Turkish Lira Set for Decline

2007 was a banner year for the Turkish Lira, which appreciated 21% against the US Dollar. However, in the year-to-date, the currency has returned nearly 10% of this gain, making it the third worst performing currency in the world. Turkey generally, and the Lira specifically, are considered by investors as proxies for emerging markets. The global trend towards risk aversion, as well as skyrocketing inflation, are hurting many such currencies. In Turkey, inflation is so problematic (9.4% at last count) that the Central Bank has raised its benchmark interest rate to 15.25%. Ironically, the more the Lira depreciates, the harder it becomes for the Central Bank to control inflation, causing the Lira to slide further as part of a self-perpetuating free-fall.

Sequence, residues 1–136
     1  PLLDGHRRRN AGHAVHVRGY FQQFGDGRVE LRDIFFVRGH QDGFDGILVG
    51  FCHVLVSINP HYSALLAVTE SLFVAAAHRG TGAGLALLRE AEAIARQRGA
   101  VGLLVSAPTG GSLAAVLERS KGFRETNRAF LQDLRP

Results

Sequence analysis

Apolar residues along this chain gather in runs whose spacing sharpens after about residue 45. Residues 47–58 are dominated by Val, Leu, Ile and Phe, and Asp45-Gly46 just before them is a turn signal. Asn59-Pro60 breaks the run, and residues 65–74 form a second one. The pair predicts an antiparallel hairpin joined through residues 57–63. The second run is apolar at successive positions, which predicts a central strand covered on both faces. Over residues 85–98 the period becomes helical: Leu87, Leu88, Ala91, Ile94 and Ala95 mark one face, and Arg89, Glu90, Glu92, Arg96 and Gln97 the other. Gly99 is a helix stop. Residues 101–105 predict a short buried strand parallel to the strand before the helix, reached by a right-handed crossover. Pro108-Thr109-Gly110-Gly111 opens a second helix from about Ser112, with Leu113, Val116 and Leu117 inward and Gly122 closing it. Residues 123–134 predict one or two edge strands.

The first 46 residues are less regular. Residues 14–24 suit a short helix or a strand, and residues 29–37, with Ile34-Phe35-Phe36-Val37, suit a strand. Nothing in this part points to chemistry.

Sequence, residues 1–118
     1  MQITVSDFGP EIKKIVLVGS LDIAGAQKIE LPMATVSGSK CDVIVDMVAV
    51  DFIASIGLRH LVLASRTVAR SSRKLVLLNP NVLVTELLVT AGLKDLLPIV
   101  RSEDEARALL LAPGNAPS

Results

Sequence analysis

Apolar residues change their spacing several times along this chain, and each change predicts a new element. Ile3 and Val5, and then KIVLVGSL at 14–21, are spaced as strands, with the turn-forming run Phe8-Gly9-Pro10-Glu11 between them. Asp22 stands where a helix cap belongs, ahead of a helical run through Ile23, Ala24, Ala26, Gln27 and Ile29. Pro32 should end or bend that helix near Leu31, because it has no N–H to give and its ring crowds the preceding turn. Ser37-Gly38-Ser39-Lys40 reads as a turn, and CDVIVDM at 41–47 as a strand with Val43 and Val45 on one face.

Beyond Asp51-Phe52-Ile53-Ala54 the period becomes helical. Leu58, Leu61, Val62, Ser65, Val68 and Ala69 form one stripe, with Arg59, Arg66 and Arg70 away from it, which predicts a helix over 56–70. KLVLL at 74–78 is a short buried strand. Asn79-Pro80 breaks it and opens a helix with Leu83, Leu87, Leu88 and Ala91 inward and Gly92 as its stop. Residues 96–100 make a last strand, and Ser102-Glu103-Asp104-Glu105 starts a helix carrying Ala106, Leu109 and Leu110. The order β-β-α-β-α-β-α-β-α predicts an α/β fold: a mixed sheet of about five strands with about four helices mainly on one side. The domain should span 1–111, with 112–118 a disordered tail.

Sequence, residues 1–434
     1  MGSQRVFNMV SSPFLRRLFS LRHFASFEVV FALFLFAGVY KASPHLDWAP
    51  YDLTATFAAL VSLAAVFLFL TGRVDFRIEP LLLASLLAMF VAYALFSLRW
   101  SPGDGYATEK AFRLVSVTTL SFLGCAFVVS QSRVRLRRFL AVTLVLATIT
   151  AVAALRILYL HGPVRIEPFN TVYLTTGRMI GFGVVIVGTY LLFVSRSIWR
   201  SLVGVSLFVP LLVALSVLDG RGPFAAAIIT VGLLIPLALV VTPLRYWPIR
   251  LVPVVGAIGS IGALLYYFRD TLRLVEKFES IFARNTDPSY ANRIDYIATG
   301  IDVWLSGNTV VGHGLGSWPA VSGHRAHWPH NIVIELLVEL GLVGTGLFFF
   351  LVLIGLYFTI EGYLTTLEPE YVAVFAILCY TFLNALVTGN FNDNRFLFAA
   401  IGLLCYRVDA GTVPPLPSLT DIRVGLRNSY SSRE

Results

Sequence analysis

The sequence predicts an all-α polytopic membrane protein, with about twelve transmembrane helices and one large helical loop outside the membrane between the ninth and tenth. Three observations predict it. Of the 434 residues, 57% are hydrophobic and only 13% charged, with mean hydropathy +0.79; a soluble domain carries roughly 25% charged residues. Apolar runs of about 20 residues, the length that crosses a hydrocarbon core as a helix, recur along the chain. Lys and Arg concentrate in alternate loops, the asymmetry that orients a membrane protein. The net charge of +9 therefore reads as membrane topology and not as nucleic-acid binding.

Vietnam Dong to Slide Further

In the year-to-date, the Vietnamese Dong has fallen by .7%.  That may not seem like much, but since the Dong/Dollar exchange rate is approximately 16,000 to 1, every .1% is meaningful. Unfortunately for Vietnam, analysts are predicting that the Dong will fall further, due to a confluence of factors. First, the Vietnamese stock market is tanking; the 42% decline recorded thus far in 2008 makes it Asia's worst performer and unattractive for foreign investors. The second factor is inflation, which is nearing 20% and is directly eroding the value of the Dong.

Fundamentals Harm Emerging Market Currencies